Welcome to the Conservation Metrics Hall of Fame

This is a page dedicated to those who have been essential to the growth and development of CMI. Although the scientists listed here have moved on to new paths, their contributions remain a valuable part of our process.

completed an 8-week internship with CMI as part of the prestigious Doris Duke Conservation Scholar program. He is currently pursuing a B.A. in Biology at Wabash College. Prior to his time with CMI he interned at the Santa Ana National Wildlife Refuge. As a Doris Duke Scholar, he gained experience collecting and analyzing field data from different ecosystems in California.

completed an 8-week internship with CMI as part of Pinhead Science Foundation’s Pinternship program. He developed software tools to extract metadata from acoustic data files, and created a custom firmware modification for Open Acoustics Devices’ audiomoths. He gained experience in manipulating, reading, and writing data in c++ as well as experience coding on silicon labs’ Gecko processors.

earned a Bachelor of Science degree in Applied Physics from the University of California, Santa Cruz. As an undergraduate he was interested in physical acoustics and, as part of his senior thesis, developed and evaluated the efficacy of an acoustic monitor to track Anna’s Hummingbird flight paths. As a Data Technician with CMI Matthew helped clean and process bat acoustic monitoring data as part of CMI’s collaboration with the USGS NABat program.

received a B.S. in Biomedical Materials Engineering. After studying glass ceramics for dental restoration, enzymes in soil for agriculture at Cornell’s NBTC, and targeting of cancer cells at the Mayo Clinic, she began to transition towards a career in Ecology. Via UCLA, Alexis studied the effectiveness of acoustic deterrents for human-sea lion conflict management and went on to study marmot social behavior and population dynamics in the field at the Rocky Mountain Biological Laboratory. Before joining the CMI team, she was analyzing large acoustic datasets, searching for whale songs to determine population trends for Cornell’s BRP. As an Analyst at CMI, she helped lead our collaboration with the Underline Monitoring Project on Kauai; using acoustic monitoring to detect seabird collisions with power lines. She also helped develop several projects analyzing bat, elephant and whale acoustic data. She now works as a field biologist in Channel Islands National Park, with plans to pursue a graduate degree in biology.

earned a Bachelor of Science degree in Fisheries, Wildlife and Conservation Biology/Environmental Sciences, Policy and Management from the University of Minnesota in May 2016. His Honor’s thesis explored the effects of subsampling genetic mark-recapture data for use with spatially-explicit capture recapture models in black bears. Before he joined Conservation Metrics, he worked with avian field projects in Arizona and the Hawaiian islands, studying the evolution of parental care and seed dispersal networks. Nick helped advance CMI’s capabilities with bat acoustic data, workflow automation, and big-data transfer.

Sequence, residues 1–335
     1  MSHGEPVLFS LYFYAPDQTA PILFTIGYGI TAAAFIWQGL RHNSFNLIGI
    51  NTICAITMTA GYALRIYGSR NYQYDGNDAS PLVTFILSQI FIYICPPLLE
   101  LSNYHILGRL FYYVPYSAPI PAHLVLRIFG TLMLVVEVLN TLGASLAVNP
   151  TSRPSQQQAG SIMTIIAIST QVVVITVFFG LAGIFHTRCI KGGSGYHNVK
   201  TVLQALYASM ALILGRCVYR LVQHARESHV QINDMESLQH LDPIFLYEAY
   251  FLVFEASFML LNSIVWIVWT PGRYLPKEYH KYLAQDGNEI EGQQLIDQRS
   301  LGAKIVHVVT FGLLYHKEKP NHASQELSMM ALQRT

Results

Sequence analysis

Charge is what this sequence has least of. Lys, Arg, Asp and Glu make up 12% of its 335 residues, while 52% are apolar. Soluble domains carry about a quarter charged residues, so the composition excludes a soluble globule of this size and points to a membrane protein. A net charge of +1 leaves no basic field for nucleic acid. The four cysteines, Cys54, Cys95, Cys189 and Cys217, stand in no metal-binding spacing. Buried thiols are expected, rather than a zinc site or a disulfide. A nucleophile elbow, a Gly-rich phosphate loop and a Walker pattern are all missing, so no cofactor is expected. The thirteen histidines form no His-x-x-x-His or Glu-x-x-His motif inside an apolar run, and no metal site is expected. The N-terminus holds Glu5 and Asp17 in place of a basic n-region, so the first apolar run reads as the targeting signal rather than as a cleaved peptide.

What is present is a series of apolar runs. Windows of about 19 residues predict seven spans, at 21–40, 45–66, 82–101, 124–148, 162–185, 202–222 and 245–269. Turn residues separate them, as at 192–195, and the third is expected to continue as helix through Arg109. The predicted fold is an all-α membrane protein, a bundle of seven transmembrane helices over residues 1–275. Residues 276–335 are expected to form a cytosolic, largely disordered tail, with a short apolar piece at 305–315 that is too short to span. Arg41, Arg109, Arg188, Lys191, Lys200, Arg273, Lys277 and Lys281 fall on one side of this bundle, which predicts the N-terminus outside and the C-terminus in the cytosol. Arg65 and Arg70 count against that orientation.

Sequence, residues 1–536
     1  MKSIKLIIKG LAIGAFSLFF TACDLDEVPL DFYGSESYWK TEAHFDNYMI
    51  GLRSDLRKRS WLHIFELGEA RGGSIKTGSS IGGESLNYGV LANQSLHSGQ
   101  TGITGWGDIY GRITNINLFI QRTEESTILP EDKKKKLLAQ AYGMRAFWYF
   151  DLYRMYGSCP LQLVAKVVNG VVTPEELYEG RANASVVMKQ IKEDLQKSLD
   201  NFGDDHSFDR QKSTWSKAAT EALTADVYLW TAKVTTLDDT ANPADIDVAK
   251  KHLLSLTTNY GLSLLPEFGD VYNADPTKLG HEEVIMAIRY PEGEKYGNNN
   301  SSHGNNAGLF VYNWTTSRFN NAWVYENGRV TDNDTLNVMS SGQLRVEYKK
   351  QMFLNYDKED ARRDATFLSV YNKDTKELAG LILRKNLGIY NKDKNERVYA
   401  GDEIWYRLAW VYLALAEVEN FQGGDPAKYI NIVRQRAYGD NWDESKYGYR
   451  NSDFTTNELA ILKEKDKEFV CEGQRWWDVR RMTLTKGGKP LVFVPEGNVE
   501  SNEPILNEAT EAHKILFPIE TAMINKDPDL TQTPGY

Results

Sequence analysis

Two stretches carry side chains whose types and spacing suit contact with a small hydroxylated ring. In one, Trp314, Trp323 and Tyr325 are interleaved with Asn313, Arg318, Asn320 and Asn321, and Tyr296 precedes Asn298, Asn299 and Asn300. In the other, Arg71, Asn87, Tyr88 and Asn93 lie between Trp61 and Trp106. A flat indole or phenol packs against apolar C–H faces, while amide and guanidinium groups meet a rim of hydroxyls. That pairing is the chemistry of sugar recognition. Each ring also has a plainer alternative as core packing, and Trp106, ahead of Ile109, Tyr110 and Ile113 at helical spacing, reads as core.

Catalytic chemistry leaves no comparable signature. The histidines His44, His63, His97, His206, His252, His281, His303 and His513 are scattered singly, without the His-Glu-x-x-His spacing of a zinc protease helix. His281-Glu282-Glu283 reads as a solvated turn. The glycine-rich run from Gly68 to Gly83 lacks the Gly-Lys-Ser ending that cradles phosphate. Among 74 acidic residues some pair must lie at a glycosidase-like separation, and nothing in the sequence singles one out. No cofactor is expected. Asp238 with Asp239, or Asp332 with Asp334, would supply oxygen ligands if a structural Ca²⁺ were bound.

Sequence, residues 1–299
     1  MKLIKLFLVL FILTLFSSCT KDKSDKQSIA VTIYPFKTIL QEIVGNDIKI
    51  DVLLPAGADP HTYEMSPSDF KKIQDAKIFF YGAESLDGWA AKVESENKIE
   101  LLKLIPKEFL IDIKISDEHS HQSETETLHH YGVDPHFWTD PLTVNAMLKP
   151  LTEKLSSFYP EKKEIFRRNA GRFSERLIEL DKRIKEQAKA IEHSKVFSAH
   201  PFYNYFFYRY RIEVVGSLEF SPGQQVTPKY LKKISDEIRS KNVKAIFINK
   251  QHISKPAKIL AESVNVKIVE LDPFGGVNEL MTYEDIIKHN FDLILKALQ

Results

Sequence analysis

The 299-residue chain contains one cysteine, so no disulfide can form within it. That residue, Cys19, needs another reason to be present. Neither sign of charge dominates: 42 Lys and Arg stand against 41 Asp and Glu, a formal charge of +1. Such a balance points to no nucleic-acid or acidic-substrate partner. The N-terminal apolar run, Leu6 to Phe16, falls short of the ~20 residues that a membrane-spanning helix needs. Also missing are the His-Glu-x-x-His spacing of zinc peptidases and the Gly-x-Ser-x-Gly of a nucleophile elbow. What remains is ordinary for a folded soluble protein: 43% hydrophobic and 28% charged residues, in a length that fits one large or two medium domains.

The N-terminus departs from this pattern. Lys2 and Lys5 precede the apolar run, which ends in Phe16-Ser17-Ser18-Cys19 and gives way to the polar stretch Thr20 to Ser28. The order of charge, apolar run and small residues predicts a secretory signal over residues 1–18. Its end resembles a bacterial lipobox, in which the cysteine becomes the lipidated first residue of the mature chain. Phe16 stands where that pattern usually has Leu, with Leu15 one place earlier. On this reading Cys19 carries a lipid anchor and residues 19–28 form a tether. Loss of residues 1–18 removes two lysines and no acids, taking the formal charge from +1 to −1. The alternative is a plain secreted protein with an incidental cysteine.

received dual Bachelor of Science degrees in Applied Mathematics and Biology from Tufts University. Before coming to CMI, she studied the behavior and population dynamics of multiple different species, from parrots in the Peruvian Amazon to Fender’s blue butterflies in Oregon. She has also applied her scientific data analysis skills to mapping global infectious disease and its predicting factors with Epidemico, Inc. and researchers at Tufts. As a Senior Analyst, she contributed to several monitoring projects around the world including Australia, the Hawaiian Islands, New Zealand, and French Polynesia. She also developed Bayesian statistical modeling for CMI and contributed to research that led to the rediscovery of Newell’s shearwater and Hawaiian petrel on Oahu.

received a B.S. in Ecology and Evolutionary Biology from the University of California, Santa Cruz in 2014, and worked at CMI from then until August 2017. Before coming to Conservation Metrics, he worked on habitat restoration projects with the UC Natural Reserves system, and spent several summers teaching boating and ecology to children at Lake Merritt in his native Oakland.While at CMI, he was involved in the monitoring of a number of species throughout the world, including work leading to the discovery of the first occupied Band-rumped Storm-petrel burrow in the Hawaiian Islands. He also worked extensively on streamlining and improving CMI’s software, analysis techniques, and workflow. He is now a PhD student at Purdue University studying soundscape ecology.

received his B.S. in Ecology and Evolutionary Biology from the University of California Santa Cruz and a M.S. in Science Journalism from Boston University. While attending U.C. Santa Cruz he worked with Matthew McKown in Professor Don Croll’s lab using remote acoustics to monitor island bird populations, before joining CMI as an analyst when the company was founded. After leaving CMI, he earned his masters degree and subsequently wrote for Business Insider and Tech Insider, Eos: Earth and Space Science News, and is currently a science writer for the U.S. Forest Service.

received a B.S. in Ecology and Evolutionary Biology from the University of California Santa Cruz. During his time there, he studied the soundscape ecology of Cassin’s Auklet vocalizations on South East Farralon Island. He also researched the feeding behaviors of mixed flocks in the canopy of Costa Rica’s cloud forests. As an Analyst at CMI, he assisted in the development of acoustic monitoring programs for Hawaiian Petrel, Newell’s Shearwater and several other species. He is now pursuing a PhD in Ecology and Evolutionary Biology focusing on avian behavior at Cornell University.